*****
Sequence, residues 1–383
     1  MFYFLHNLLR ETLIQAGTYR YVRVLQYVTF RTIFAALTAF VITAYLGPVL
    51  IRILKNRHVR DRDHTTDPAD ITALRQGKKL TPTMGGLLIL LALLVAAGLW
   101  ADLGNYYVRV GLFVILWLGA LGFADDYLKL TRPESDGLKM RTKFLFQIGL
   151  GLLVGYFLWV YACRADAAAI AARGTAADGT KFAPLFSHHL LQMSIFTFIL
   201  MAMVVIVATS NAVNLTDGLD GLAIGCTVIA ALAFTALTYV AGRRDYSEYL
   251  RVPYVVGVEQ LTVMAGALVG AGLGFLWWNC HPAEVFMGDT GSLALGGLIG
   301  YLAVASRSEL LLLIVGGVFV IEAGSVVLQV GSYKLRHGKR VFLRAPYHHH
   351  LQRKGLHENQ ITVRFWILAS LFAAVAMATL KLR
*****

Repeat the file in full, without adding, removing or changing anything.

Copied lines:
Sequence, residues 1–383
     1  MFYFLHNLLR ETLIQAGTYR YVRVLQYVTF RTIFAALTAF VITAYLGPVL
    51  IRILKNRHVR DRDHTTDPAD ITALRQGKKL TPTMGGLLIL LALLVAAGLW
   101  ADLGNYYVRV GLFVILWLGA LGFADDYLKL TRPESDGLKM RTKFLFQIGL
   151  GLLVGYFLWV YACRADAAAI AARGTAADGT KFAPLFSHHL LQMSIFTFIL
   201  MAMVVIVATS NAVNLTDGLD GLAIGCTVIA ALAFTALTYV AGRRDYSEYL
   251  RVPYVVGVEQ LTVMAGALVG AGLGFLWWNC HPAEVFMGDT GSLALGGLIG
   301  YLAVASRSEL LLLIVGGVFV IEAGSVVLQV GSYKLRHGKR VFLRAPYHHH
   351  LQRKGLHENQ ITVRFWILAS LFAAVAMATL KLR